Device Enabled (125): 0
    Device Enabled (125): 0
    Device Enabled (125): 0
    Device Enabled (125): 0

  10. #10
    Join Date
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    Re: Writing a script and running into permissions issues.

    Quote Originally Posted by Arndt View Post
    I think something else is enabling the touchpad. If I do this:

    Code:
    		xinput --set-prop $touchpadID "Device Enabled" 0
    		xinput list-props $touchpadID| grep "Enabled"
    		xinput --set-prop $touchpadID "Device Enabled" 0
    		xinput list-props $touchpadID| grep "Enabled"
    		xinput --set-prop $touchpadID "Device Enabled" 0
    		xinput list-props $touchpadID| grep "Enabled"
    		sleep 5
    		xinput list-props $touchpadID| grep "Enabled"
    		xinput --set-prop $touchpadID "Device Enabled" 0
    		xinput list-props $touchpadID| grep "Enabled"
    		xinput --set-prop $touchpadID "Device Enabled" 0
    		xinput list-props $touchpadID| grep "Enabled"
    		sleep 5
    		xinput list-props $touchpadID| grep "Enabled"
    		xinput --set-prop $touchpadID "Device Enabled" 0
    		xinput list-props $touchpadID| grep "Enabled"
    		xinput --set-prop $touchpadID "Device Enabled" 0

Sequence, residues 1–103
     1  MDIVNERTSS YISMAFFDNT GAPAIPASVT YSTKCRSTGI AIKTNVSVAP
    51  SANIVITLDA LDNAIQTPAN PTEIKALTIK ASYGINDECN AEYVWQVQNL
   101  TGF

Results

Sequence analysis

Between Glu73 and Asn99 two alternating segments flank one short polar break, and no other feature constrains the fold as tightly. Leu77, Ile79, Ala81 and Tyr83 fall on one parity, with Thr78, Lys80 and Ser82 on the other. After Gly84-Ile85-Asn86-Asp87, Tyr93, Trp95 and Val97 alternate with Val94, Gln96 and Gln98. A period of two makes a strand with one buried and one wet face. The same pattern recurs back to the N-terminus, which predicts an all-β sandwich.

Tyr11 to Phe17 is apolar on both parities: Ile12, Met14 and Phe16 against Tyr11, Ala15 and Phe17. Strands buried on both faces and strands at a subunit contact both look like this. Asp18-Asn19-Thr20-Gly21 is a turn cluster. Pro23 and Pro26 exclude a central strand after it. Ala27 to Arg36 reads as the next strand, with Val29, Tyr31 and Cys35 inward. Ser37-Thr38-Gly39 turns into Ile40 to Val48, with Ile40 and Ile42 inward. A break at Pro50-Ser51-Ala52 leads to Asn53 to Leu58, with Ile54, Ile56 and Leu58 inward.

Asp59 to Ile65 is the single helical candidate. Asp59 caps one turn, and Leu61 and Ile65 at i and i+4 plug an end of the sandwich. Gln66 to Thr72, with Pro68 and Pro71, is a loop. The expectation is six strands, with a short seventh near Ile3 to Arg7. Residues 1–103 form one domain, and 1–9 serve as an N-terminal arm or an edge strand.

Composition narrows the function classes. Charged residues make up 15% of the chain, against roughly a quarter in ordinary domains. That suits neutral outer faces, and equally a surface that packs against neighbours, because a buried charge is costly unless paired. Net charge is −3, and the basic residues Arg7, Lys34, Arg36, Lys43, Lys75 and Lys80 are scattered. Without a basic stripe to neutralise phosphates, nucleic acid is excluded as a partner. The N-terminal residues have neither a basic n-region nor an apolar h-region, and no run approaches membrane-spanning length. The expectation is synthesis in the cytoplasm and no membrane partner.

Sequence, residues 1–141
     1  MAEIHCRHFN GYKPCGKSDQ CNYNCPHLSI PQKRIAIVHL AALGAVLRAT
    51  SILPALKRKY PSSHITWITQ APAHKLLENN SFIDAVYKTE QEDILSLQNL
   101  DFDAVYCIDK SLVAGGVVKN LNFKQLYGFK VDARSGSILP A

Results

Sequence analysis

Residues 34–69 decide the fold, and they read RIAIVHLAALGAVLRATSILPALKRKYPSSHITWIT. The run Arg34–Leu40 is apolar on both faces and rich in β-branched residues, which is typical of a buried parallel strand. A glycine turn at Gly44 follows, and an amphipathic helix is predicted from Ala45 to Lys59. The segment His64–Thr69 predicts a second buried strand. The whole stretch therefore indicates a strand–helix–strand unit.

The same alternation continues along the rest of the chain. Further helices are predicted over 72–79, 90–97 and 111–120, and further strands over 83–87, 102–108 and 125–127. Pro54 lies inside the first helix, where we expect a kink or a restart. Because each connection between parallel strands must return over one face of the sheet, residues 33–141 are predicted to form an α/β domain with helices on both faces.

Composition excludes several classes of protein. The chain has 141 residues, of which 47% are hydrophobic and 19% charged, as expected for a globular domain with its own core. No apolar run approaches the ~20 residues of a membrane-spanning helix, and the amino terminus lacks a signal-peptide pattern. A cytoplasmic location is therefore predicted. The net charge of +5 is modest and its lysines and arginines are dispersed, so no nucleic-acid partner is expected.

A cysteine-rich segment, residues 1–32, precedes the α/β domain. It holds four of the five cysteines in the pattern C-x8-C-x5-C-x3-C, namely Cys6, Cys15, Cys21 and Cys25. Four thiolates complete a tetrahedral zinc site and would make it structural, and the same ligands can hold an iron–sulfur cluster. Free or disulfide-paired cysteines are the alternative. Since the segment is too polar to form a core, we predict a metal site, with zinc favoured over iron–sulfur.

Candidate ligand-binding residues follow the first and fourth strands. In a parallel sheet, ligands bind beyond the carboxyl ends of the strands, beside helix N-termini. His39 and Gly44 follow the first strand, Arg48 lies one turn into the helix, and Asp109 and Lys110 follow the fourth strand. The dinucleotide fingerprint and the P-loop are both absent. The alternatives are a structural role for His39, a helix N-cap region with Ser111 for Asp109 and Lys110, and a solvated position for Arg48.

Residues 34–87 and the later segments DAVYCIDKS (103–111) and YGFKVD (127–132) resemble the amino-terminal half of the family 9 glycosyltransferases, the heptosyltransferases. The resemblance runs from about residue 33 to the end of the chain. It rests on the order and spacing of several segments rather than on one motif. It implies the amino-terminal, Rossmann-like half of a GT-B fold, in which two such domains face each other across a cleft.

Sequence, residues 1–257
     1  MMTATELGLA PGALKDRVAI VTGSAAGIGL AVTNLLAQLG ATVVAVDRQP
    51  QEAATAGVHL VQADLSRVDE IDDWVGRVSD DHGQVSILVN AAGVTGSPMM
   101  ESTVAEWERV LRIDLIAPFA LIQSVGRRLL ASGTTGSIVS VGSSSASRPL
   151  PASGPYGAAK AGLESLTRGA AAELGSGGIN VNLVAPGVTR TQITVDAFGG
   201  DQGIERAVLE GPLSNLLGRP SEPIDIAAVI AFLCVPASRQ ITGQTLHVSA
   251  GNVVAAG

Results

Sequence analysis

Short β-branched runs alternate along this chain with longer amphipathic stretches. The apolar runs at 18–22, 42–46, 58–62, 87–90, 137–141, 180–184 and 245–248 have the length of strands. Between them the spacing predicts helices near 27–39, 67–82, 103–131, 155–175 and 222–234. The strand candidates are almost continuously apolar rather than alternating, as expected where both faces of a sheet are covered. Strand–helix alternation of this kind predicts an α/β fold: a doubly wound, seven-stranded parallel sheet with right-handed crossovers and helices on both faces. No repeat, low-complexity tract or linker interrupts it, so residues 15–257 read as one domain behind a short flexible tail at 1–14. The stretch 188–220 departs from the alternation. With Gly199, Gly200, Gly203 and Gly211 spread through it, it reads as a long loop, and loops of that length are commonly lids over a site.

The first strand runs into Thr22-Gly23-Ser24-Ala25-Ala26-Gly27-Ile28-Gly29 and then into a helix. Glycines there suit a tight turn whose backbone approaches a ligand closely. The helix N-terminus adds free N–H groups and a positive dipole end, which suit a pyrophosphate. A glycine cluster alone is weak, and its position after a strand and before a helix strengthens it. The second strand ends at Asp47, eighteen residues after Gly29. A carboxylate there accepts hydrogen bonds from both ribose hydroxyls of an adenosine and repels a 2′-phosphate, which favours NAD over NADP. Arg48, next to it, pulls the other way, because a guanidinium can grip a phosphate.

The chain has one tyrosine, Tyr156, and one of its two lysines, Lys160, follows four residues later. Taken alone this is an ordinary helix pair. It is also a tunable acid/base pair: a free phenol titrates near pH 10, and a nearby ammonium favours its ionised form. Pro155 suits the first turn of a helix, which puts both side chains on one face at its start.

xinput list-props $touchpadID| grep "Enabled"
    the output (captured in a file) is this:

    Device Enabled (125): 0
    Device Enabled (125): 0
    Device Enabled (125): 1
    Device Enabled (125): 1
    Device Enabled (125): 0
    Device Enabled (125): 0
    Device Enabled (125): 0
    Device Enabled (125): 0
    Device Enabled (125): 0

    On my machine this results in the following output:
    Code:
    Device Enabled (125):	0
    Device Enabled (125):	0
    Device Enabled (125):	0
    Device Enabled (125):	0
    Device Enabled (125):	0
    Device Enabled (125):	0
    Device Enabled (125):	0
    Device Enabled (125):	0
    Device Enabled (125):	0
    Which also successfully disabled the touchpad. If you have Ubuntu set to automatically disable your touchpad while you type, it could be creating the output you received by re-enabling the touchpad after the specified period of time from when you typed the command. I have that feature disabled, so it appears to be a possible candidate.
    Registered Linux user 446122 , Registered Machine 352936.